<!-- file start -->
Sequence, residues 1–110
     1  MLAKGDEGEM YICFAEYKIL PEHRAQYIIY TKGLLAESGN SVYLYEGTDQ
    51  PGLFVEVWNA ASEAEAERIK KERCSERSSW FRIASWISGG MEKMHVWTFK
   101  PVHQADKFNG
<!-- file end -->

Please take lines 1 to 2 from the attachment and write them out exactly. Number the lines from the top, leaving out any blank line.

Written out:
Sequence, residues 1–110
     1  MLAKGDEGEM YICFAEYKIL PEHRAQYIIY TKGLLAESGN SVYLYEGTDQ